Imperial Cuisine of China Arrives in L.A. - Is This Really What Emperors Ate? Bistro Na's (Na Jia Xiao Guan) [Review]


I give an A for effort. Man, lawyers can sling it. :wink:



Thanks to my big mouth, 2 groups of friends insisted on us trying Bistro Na’s, even with my warnings on the mixed menu. :sweat_smile: They offered to drive, so off we went.

Dragon Well Tea:

As fragrant as last time.

Crispy Shrimp (South American Shrimp, Chili Pepper, Green Onion, Ginger, Garlic):

Thankfully they are as consistent as the last time we ordered it (1st visit). Shatteringly crisp Shrimp Shells with juicy, tender Shrimp within. Eating it like Soft-Shell Shrimp, shell and all, was satisfying and delicious. :slight_smile:

Their presentation on this dish remains stunning with that wooden carved base.

Buddah’s Favorite (Broccoli, Potato, Cauliflower, Eggplant, Green Beans):

This was a solid Veggie dish: Stewed Broccoli, Cauliflower, Potatoes, Eggplant and Green Beans in a Chinese Curry Sauce. The Curry was mild, but fragrant, on the thinner side. It went great with some Steamed Rice.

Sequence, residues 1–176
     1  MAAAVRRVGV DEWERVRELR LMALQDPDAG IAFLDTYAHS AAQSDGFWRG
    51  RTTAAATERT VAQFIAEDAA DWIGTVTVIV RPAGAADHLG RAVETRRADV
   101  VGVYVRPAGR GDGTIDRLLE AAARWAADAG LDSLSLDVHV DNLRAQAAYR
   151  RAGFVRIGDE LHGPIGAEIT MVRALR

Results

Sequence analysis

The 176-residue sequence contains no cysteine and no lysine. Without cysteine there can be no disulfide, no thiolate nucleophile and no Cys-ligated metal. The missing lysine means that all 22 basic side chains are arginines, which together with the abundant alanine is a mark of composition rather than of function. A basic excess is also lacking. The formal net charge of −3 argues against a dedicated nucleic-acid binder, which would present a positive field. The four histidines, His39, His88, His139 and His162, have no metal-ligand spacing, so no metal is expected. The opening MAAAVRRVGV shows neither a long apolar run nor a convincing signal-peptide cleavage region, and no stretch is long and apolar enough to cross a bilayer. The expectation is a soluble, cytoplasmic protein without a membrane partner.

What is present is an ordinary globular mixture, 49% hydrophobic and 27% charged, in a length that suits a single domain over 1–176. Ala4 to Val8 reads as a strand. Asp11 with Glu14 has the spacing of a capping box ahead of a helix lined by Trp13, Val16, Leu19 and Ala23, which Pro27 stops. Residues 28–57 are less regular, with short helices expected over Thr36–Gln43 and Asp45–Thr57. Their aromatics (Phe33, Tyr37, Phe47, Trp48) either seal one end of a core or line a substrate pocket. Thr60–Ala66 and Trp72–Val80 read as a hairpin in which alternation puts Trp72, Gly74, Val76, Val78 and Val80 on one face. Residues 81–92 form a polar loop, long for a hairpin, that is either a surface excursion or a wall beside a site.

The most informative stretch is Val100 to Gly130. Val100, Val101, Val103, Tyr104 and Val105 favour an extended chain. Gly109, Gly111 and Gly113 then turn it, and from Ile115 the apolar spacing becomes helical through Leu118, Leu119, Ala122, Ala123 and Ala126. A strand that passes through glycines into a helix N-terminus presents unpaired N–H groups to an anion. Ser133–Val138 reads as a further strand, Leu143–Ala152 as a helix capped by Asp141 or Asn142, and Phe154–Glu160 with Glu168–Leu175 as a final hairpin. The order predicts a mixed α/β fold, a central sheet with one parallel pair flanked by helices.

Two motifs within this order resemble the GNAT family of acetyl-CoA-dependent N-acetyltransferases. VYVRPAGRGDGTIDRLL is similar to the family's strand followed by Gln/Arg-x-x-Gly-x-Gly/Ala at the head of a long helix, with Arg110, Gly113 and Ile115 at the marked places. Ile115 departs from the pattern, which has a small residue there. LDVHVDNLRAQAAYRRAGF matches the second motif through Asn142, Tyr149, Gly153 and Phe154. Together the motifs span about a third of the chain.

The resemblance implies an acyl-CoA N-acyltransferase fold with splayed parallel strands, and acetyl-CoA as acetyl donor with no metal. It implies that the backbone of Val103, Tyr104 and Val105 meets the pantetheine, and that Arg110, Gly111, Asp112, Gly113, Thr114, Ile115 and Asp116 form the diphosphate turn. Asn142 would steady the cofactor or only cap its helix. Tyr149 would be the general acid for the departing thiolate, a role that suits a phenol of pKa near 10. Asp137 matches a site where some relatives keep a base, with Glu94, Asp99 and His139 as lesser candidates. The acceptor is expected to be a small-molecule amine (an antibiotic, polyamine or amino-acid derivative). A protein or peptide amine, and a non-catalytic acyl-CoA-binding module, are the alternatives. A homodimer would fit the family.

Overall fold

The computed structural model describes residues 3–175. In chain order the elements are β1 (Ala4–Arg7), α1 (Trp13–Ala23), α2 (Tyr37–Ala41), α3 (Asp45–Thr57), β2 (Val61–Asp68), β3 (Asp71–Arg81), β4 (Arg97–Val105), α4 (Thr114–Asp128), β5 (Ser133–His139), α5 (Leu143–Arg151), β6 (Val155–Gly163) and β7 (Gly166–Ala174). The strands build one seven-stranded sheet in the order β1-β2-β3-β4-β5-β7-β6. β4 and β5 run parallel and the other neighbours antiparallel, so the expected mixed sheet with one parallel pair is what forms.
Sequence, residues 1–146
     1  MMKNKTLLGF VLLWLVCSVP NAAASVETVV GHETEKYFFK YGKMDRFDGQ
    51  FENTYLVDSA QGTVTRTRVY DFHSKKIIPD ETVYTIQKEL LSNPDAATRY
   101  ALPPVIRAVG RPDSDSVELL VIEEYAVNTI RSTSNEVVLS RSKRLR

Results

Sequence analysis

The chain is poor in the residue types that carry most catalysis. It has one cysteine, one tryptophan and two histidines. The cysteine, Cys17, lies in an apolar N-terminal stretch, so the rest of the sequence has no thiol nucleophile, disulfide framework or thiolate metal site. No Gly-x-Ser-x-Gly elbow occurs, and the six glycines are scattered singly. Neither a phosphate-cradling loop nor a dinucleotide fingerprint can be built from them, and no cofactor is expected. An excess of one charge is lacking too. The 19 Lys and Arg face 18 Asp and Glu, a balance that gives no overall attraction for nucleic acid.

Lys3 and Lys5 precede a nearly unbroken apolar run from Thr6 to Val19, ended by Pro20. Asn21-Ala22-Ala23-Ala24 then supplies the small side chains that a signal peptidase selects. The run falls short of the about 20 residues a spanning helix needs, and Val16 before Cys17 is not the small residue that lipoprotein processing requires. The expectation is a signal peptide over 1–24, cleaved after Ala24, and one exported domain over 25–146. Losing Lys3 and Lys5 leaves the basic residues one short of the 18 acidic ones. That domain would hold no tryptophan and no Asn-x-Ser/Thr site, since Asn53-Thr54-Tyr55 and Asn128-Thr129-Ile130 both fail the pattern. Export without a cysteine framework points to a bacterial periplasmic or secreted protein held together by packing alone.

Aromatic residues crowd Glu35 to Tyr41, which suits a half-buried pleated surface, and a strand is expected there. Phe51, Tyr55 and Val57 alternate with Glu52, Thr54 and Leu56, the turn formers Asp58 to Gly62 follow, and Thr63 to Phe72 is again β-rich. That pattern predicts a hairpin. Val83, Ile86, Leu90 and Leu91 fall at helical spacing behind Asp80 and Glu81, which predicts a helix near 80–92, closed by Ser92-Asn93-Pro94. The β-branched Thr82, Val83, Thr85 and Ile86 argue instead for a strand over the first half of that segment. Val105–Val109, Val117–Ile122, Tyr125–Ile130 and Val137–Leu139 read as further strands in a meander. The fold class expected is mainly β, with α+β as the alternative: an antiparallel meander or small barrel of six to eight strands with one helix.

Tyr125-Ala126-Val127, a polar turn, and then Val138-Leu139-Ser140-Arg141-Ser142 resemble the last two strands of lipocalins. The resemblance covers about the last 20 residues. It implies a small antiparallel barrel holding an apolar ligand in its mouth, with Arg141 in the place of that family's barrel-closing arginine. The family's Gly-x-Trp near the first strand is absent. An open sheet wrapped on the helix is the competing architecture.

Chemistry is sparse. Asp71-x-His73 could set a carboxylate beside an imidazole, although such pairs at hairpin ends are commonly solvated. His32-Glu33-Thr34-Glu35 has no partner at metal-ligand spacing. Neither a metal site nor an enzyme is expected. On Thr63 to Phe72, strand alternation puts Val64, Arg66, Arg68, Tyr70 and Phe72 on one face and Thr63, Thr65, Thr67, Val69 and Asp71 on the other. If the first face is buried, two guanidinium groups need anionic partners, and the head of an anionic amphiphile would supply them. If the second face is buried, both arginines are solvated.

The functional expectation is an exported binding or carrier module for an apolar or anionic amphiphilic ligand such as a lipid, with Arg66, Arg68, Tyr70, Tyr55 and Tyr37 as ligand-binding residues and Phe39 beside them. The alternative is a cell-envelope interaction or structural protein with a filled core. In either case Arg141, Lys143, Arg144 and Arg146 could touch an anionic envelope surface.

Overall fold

Na’s Beef Prime Rib:

This was a massive bone-in chunk of Prime Rib, except it’s been slow-cooked (to a well-done?). This looked better on the menu, and we were worried, but with the slow-cooking, we got soft, really tender slices of their Prime Rib, with a good beefy flavor, and a mix of lean and a bit of fat. This was pretty good. :slight_smile:

Green Onion Pancake:

Still as crisp and only lightly oily as before. Their Green Onion Pancakes are worth ordering, some of the better ones we’ve had in the area in a while. :slight_smile:

Stewed Pork Belly (Pork Belly, Green Onions, Ginger, Garlic):

As tender and nicely cooked down as last time. Some tender morsels of Pork Belly. :slight_smile:

Empress’s Jar (Beef Tendon, Mushroom, Fish Maw, Quail Egg, Sea Cucumber, Forest Frog):

The last time we tried the Emperor’s Jar Soup, but this time we opted for their Empress’s Jar, which is even more expensive than the Emperor’s Jar. The Empress’s version is a more delicate, softer mouthfeel soup. It’s a toss up on which one is better. Like before they give you the condiments to add (one at a time to see which you like more):

Like before, we felt Cilantro or just non-Condiments was the way to go. Pretty delicious soup and nice presentation again, but that price point makes it hard to recommend ($21.95 per bowl).